September 25, 2018
Health & Fitness
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Does Your Pet Have Allergies? Stop The Itch!

Jacquelin Koenig -- Calvert Veterinary Center
Jacquelin Koenig -- Calvert Veterinary Center's picture
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March 20, 2018

Does freshly cut grass or blooming spring flowers make your dog chew his or her feet and itch? Is your pet suddenly digging at the ears and waking you up at night by scratching while in bed? If so, then your pet could be trying to tell you something. Your pet could be suffering from allergies and could need your help to find relief fast.

Anyone with an immune system has the potential to develop allergies, including our four-legged friends. Allergies develop when the immune system, which typically protects the body against harmful invaders, overreacts to innocent environmental proteins over time. These proteins come from common triggers such as pollens, molds, flea saliva, dietary proteins or parasites, including dust mites.

Animals typically suffer from allergic skin disease, which manifests as itching, ear infections, red skin, hair loss or chewing at feet or skin. Unfortunately, allergies are common in our pets and can be frustrating to control if not managed properly. The first important step in managing allergies is to identify the underlying cause.

There are three main causes of allergic skin disease in our pets: flea allergies, food allergies and environmental allergies.

Flea allergies are the most common cause of insect bite allergies, and pets can develop severe reactions from just one flea bite. Pets, especially cats, are skillful groomers and can quickly remove fleas from their skin. Just because you do not see evidence of fleas on your pet does not mean that they are not present or living in the environment. This is why it is important to use year-round flea preventives even during colder months.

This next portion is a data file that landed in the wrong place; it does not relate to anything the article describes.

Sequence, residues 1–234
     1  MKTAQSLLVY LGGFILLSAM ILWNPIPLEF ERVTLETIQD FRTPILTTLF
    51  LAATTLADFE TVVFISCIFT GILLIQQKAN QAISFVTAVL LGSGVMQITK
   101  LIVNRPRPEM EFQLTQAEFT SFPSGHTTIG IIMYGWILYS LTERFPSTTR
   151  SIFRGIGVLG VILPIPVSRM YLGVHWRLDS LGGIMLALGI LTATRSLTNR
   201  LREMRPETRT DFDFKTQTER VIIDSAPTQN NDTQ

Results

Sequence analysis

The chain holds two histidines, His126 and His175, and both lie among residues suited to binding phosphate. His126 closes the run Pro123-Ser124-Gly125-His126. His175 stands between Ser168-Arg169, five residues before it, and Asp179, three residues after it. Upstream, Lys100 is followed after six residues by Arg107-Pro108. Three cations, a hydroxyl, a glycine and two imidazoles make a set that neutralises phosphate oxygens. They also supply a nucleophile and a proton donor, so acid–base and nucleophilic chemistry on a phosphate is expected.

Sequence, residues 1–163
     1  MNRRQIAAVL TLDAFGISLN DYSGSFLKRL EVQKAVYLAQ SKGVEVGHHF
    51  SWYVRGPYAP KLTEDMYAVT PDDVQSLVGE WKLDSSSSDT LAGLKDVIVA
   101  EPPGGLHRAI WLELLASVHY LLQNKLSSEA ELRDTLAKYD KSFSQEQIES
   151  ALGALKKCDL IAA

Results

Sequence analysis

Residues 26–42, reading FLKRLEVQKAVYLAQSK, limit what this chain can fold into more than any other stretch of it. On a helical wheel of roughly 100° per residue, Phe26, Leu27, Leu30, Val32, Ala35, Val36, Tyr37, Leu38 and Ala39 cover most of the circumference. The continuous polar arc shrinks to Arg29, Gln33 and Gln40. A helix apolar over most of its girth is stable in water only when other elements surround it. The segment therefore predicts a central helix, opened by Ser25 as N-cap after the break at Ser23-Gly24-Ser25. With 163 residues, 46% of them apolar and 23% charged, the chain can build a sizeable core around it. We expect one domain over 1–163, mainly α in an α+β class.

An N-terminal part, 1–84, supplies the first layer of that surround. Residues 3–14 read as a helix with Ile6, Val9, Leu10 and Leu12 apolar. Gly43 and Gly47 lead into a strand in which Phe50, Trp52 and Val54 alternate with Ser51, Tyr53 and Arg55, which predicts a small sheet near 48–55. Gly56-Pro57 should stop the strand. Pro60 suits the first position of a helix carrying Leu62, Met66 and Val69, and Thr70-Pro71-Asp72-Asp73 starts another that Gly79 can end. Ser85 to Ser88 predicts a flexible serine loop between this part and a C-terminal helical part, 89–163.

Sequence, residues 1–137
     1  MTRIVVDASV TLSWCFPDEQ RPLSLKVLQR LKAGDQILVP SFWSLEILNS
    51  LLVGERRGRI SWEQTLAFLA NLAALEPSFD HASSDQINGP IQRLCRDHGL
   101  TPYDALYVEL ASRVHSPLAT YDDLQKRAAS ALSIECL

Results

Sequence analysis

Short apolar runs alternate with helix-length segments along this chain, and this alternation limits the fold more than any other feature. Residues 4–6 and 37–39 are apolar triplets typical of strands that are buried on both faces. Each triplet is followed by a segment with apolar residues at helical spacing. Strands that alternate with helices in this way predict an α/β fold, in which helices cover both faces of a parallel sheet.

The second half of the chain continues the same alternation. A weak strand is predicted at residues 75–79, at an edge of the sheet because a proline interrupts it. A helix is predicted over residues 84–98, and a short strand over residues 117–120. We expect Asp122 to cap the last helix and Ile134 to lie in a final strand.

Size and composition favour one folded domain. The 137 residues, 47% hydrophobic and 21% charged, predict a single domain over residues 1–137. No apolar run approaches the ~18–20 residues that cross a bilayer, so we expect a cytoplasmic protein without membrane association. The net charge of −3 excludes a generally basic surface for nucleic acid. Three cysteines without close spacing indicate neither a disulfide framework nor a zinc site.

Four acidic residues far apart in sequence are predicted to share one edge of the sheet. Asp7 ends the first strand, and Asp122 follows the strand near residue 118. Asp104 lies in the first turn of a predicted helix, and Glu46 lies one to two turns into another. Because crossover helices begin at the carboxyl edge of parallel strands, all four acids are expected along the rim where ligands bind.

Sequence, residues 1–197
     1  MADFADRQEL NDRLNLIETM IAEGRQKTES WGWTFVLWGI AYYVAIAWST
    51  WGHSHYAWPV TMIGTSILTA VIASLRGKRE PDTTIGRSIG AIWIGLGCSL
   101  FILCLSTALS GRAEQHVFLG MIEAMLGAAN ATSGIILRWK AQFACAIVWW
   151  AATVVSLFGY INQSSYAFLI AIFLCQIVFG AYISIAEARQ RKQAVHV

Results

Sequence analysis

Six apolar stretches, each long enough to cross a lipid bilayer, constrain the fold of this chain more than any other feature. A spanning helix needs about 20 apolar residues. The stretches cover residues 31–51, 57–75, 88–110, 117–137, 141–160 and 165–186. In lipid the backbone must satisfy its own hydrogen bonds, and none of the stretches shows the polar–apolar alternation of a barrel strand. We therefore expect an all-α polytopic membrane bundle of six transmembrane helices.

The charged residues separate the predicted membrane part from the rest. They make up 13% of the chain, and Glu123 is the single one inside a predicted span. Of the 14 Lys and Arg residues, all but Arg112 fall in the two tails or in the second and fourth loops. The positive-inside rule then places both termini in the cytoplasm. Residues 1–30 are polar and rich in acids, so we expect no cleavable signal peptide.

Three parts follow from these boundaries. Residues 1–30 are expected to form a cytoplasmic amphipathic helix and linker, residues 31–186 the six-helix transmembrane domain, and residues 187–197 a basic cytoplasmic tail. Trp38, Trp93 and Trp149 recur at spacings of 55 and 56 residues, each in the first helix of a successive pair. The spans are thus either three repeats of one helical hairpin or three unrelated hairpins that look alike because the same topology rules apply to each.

Food allergies are typically non-seasonal allergies, meaning that they can occur all year long and can develop in pets as early as six months of age. Pets typically become allergic to the most common proteins found within food such as chicken, beef and soy, but they can also become allergic to any diet that they have eaten extensively. In order to diagnose food allergies, a strict food trial must be performed with a dietary protein that your pet has not eaten before, or ideally, a hydrolyzed diet. The food trial lasts for eight to 12 weeks and is performed using reliable prescription diets with the help of your veterinarian.

Environmental allergies can occur seasonally but can also occur year-round depending on the type of allergy. Once flea and food allergies have been tested and ruled out, it is time to look for environmental causes. A blood sample can be submitted to the lab, which screens for more than 100 different grasses, pollens, molds and mites. Pets can also undergo a skin test, similar to people, where the allergens are injected under the skin and the skin is evaluated for a response. Once the specific allergies are determined, then allergy injections or oral liquid allergy drops can be formulated and administered to your pet to help decrease the unwanted overreaction to the proteins to which they are allergic.

Since allergies cause itchy skin in pets, which is followed by persistent chewing and scratching, it will often lead to painful secondary skin and ear infections. It is important to identify these symptoms early and treat them appropriately while working to determine the underlying cause of your pet’s condition. This may require a combination of topical treatments, such as medicated shampoos, and oral medications, such as anti-inflammatory or antibiotics. It may also be necessary to perform several other diagnostic tests to evaluate for skin mites or skin fungus, such as ringworm. Your pet can get fast relief with some of the new anti-itch medications that can be given orally or an injection that lasts for four to eight weeks without the harmful side effects of traditional steroids. No one wants to see their pet suffering from allergies, so take action.

If your pet has been battling recurrent skin and ear infections, your pet may have allergies. Schedule an appointment with one of the knowledgeable veterinarians at Calvert Veterinary Center to have your pet evaluated and to discuss the best way to get your pet relief from allergies. The center’s doctors have more than 28 years of combined experience treating pets for all ailments, especially pets with allergies. Call 410-360-7297 today for an appointment or schedule online from Calvert Veterinary Center is conveniently located at 4100 Mountain Road and has been proudly serving the Pasadena community for more than 14 years.

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